If you’ve not spotted it already, there’s some potentially massive news from the Government today, that could literally change the look of online bingo in the near future. The Minister for Culture, Media and Sport Gerry Sutcliffe today released a statement about his plans to undertake a review of the current licensing system for remote gaming regulation. Back in April 2009 he announced a review of the current system, and today’s statement comes as notice of intent to begin consultation on implementing a new system for all gambling sites who are licensed outside of Britain.
The proposed changes will effectively impact on the roughly 98-99% of existing online bingo suppliers, including those owned and run by the major retail chains. If it comes to fruition, it will make all these sites unable to target the UK under their current licensing situation. Currently, any overseas operators are able to target UK players. Legally, only those who are licensed in one of the Gambling Commission’s white-listed areas or the EU can advertise to UK players. However, under these new proposals, only sites who are licensed directly in the UK will be able to provide remote gaming to UK players.
The move is aimed to protect UK consumers by regulating that all online gaming sites adhere to the UK’s strict gambling regulations. It’s fair to say that currently, some areas within the EU are ripe with online bingo licensees who’s practices are questionable, and far from consumer friendly (yes I’m looking at you Cyprus and Malta). The proposals aim to curb the wide range of licensing variants by insisting only one will be followed, the UK’s own one.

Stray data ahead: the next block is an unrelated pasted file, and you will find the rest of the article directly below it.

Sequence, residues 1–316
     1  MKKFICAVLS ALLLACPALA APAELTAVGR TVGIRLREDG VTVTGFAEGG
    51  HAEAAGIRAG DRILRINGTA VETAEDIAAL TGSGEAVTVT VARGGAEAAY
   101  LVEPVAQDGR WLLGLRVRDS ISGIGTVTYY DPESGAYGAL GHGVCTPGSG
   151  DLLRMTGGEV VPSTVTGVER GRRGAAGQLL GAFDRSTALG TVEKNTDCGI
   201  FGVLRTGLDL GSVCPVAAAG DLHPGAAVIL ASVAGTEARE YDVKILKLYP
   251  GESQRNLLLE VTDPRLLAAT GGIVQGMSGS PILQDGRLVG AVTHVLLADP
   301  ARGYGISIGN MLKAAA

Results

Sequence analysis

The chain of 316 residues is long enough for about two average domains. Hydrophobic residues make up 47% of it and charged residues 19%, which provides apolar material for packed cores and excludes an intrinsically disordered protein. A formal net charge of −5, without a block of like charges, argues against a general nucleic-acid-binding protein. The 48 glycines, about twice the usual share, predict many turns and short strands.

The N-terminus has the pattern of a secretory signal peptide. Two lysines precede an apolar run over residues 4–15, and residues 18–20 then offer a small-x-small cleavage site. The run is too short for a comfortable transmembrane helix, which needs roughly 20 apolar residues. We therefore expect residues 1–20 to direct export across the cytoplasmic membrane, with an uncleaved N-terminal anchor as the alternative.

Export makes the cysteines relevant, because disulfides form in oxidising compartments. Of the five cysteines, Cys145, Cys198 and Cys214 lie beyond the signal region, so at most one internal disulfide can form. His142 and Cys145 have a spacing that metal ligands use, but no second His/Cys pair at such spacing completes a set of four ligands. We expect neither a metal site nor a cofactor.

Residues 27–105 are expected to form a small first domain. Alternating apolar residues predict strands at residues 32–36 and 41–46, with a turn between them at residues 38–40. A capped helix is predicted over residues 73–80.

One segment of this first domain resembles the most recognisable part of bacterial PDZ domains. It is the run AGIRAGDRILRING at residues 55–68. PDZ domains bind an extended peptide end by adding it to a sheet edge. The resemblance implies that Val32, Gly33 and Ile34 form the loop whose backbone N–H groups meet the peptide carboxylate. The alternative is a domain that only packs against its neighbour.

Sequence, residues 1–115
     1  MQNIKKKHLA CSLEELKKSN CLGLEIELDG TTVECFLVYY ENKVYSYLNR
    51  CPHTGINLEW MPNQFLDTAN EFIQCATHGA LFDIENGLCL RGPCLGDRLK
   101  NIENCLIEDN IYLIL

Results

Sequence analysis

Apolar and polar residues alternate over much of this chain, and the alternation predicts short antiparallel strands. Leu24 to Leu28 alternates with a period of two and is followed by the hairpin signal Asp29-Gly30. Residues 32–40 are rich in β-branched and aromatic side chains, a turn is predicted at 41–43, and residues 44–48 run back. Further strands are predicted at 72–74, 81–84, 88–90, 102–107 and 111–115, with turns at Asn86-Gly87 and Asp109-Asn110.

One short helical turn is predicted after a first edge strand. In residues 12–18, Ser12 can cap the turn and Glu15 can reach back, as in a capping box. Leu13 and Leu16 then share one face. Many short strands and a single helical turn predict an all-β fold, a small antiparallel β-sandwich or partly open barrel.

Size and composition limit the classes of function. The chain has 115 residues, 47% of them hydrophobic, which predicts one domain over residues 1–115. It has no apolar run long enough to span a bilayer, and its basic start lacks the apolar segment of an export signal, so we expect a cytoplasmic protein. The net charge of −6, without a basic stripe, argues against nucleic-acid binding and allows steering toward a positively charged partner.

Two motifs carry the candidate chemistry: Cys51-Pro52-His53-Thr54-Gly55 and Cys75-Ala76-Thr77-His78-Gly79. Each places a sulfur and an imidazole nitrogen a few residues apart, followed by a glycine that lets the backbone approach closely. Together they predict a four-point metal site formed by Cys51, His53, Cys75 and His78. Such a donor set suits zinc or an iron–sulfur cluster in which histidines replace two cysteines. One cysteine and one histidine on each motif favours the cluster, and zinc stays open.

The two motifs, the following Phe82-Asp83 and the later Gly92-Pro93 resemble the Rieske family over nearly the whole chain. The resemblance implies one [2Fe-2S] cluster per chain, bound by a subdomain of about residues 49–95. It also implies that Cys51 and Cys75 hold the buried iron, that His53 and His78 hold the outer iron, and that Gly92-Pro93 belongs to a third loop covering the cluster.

It’s early stages yet, and there will be a long consultation process now between the Minister and the Gambling Commission to decide exactly how these new extended gambling licenses will work legally, but already I’m sure lots of bottoms are doing the 5p 10p dance in the gaming market.
On the one hand, it will help to stop a lot of the shonky and greedy practices we see out there in online bingo land, helping to protect UK players from getting ripped off. I’m sure the steady stream we have of them in the complaints section is just the tip of the iceberg, but a lot of the typical problems that arise would be better protected against with these new regulations.
On the flip side though, many respected UK online bingo suppliers will suddenly be very concerned about their ability to trade in the UK marketplace, and what they will need to do to bring themselves in line when this all settles and is decided on. One of the main reasons bingo companies license themselves abroad is the vast difference in the amount of tax they have to pay, and if these new regulations mean they need to pay tax in the UK as well as licensing here, it will no doubt be a real blow to the industry.
I also can’t help but wonder if the Government is in some way trying to monopolise on its own gamblers, to get maximum revenues out of them. Currently millions of pounds go to these EU states in the tax that these bingo sites bring in. However, if these new regulations mean the industry has to pay tax to the UK taxman, there’s a lot of revenues there for Government.
Personally, these moves have my utmost support, especially if they protect us bingo players and create a much more straightforward system for how our money is used and repaid by online sites. That said, I know it will also cause a lot of potential pain and a lot of extra work for the industry, self included. Many may just decide to get out now and refocus their attention on other marketplaces as a result, but I think those that stay UK based and focused will (have to) provide a top notch bingo for us online players.
As I’ve said though, it’s very early days yet, and there’s no timetable for when this consultation, let alone legal changes will come to be. I’ll certainly be keeping an eye on it though, and I’m sure I won’t be alone. There’ll be a lot of complaints I’m sure, but from the Minister’s statement, it looks like the industry could be close to getting a good sharp clip around the ear and brought into line with its moral obligations, and that as I’ve said, can only be a good thing.